sudo apt-get install nmon

If they use ArchLinux or derivatives it would be:

sudo pacman -S nmon

To get out of top just press Q and it will close.

The end!

Well this has been it. If any of you know any other terminal system monitor, let me know in a comment in real time 🙂


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  1.   wow said

    long live htop! I would like to emphasize the main difference that affected me the most compared to top: in top the RAM consumption that marks you is the total, while in htop, and thanks to the colors, you clearly differentiate the active RAM from the passive one (green and yellow), being able to clearly see the total consumption on the bar and differentiate the real consumption (which would be the active one) from the temporary memory content (passive)

    1.    wow said

      mmm I had to change the useragent to get me a manjaro ... is there a way not to overwrite the entire useragent? That is, when I override it, I have to take care of updating my version of Firefox (for example) since some pages for compatibility look at the version you use through the useragent, and when overwriting the default I have to edit it by hand each time . What I'm asking is if there is any way to "append" a word to the default useragent, or even just change one of the fields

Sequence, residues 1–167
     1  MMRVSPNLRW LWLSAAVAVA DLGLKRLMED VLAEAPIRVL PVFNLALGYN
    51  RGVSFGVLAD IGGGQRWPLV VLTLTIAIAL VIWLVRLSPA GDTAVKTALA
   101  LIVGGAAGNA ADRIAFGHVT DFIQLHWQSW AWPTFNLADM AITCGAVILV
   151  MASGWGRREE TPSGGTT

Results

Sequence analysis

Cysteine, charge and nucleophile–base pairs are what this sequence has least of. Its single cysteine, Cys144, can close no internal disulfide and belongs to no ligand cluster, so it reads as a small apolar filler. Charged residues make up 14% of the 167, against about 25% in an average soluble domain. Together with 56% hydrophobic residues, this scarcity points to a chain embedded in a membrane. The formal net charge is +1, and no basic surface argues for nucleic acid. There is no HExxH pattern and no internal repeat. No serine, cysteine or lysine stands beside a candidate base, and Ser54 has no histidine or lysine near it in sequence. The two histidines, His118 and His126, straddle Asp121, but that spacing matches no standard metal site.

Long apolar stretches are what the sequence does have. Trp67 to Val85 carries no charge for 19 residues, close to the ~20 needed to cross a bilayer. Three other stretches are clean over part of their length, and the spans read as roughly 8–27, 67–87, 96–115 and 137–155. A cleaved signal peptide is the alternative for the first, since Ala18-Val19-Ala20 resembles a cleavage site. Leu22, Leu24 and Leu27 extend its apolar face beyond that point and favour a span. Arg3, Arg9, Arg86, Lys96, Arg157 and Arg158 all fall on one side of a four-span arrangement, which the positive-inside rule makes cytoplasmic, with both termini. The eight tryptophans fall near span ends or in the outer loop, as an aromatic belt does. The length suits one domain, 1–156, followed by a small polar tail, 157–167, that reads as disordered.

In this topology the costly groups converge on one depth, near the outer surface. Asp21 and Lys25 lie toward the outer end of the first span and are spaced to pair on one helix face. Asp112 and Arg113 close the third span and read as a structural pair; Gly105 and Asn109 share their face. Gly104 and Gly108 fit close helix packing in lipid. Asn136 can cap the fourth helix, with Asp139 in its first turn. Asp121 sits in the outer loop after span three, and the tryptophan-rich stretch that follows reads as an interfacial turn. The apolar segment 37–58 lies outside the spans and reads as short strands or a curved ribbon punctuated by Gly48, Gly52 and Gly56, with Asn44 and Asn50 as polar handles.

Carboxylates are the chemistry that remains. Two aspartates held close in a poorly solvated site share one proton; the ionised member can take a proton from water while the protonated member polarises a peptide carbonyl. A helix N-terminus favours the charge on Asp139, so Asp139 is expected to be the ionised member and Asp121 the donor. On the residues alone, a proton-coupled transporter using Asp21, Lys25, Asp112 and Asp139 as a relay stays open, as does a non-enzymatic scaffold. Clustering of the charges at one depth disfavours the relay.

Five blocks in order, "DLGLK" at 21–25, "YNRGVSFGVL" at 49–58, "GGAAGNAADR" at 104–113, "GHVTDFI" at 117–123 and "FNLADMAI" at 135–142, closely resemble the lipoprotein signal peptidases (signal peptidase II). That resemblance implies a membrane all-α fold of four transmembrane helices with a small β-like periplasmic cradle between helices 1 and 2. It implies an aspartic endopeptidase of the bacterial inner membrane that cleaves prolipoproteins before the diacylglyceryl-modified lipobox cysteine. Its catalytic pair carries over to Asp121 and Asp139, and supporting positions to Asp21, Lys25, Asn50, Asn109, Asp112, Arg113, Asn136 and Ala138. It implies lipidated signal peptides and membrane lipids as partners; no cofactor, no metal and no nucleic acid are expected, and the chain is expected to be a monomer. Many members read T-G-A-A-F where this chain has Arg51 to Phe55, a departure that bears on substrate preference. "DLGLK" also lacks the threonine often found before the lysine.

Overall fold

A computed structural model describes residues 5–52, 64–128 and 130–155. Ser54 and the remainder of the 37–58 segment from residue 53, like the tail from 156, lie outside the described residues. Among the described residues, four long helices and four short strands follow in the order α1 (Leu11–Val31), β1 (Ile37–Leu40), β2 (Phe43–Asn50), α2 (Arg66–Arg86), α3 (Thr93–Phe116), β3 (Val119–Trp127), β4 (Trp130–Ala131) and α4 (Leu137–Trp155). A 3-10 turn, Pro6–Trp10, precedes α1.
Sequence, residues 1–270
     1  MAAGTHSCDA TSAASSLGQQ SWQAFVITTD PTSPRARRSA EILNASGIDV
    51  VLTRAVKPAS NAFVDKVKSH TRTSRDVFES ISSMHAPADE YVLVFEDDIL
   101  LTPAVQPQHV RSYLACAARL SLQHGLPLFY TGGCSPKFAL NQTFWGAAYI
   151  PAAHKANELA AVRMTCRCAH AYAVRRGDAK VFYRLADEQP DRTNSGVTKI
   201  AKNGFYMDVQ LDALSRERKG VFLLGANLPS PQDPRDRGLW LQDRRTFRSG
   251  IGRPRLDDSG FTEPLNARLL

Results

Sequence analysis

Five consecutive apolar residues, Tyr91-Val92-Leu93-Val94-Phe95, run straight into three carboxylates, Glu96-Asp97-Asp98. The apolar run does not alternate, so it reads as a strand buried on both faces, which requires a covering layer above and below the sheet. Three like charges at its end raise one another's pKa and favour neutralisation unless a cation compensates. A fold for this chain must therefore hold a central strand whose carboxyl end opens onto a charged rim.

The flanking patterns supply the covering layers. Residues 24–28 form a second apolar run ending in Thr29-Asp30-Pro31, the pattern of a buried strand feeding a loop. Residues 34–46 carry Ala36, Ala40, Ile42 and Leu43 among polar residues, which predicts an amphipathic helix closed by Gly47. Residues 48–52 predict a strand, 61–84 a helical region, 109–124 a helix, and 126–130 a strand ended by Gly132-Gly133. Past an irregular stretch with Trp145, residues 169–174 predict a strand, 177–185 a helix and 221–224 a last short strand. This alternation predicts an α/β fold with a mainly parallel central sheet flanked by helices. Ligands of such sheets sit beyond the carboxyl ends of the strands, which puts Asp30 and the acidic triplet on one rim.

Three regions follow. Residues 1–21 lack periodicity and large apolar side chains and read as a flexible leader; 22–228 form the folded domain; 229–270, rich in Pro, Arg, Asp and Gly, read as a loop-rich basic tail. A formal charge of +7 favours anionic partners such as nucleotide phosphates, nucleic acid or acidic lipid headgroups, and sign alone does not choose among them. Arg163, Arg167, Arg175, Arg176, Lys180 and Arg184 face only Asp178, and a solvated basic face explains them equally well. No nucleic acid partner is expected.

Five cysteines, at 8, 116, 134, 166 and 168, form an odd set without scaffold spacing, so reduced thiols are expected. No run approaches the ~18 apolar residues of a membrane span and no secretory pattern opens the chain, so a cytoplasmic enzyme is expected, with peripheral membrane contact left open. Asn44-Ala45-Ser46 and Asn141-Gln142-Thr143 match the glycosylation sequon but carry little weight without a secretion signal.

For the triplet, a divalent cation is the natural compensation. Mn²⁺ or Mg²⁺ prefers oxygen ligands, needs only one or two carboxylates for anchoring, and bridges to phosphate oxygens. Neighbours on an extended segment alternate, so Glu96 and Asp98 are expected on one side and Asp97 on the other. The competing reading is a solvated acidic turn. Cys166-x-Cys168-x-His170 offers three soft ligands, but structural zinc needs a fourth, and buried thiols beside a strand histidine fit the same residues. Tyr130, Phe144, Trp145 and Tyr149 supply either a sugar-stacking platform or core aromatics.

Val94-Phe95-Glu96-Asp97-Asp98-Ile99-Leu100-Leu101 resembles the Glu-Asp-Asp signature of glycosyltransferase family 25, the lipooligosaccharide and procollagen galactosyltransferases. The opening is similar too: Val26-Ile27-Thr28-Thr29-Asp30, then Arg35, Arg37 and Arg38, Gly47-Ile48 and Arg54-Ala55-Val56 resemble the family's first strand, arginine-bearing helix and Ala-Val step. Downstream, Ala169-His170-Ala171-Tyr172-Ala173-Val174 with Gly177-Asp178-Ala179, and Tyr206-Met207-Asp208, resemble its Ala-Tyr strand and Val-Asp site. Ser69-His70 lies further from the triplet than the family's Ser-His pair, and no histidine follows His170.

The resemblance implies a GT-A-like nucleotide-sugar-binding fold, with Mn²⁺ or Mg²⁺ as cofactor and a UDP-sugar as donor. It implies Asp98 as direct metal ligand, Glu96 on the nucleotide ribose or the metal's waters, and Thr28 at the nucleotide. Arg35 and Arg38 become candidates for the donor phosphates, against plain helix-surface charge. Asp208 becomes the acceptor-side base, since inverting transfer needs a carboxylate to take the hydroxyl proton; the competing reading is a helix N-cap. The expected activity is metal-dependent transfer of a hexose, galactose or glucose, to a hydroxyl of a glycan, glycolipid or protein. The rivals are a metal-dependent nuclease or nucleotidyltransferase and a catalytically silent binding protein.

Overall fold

2.   Gonzalo said

    I did not know nmon, good data 😀

  3.   RAW-Basic said

    Sandy .. .. 'copypasteaste' in the nmon .. ..we shouldn't install htop again .. ..but effectively nmon .. 😉

  4.   cronos said

    There is an error in the nmon installation code (which by the way I did not know) Thanks for the info.

    1.    KZKG ^ Gaara said

      Thanks for noticing, on Twitter they told me anyway hahaha. I fixed it.

  5.   manolox said

    Top is also interactive.
    For example, pressing "m" orders the processes by consumption of ram memory (by default it comes in order of CPU). Pressing again returns to the CPU order.
    Pressing «k» (for kill) asks us for a PID to enter and kill the process
    Pressing «u» (for user) asks us for a user and will make a filter with the one we enter.
    Pressing "h" helps. You have a lot of options.

    Then as a recommendation for a system monitor in the terminal it would be glances.
    It is more or less a mix of the top + free + ifconfig and other commands. In other words, it lists the active processes, plus the information of the network interfaces, plus the activity of the disks / partitions, plus some data from sensors. Is very complete. It is not interactive, but it is "configurable on the fly".

    1.    KZKG ^ Gaara said

      Thanks for improving this thread 😀

    2.    eliotime3000 said

      Excellent. I'll take a look at the top man.

  6.   poor taku said

    Every day I like the console more and its programs seem to me the pinnacle of programming, tomorrow I'll take a walk around nmon!

  7.   rv said

    Excellent info, thank you!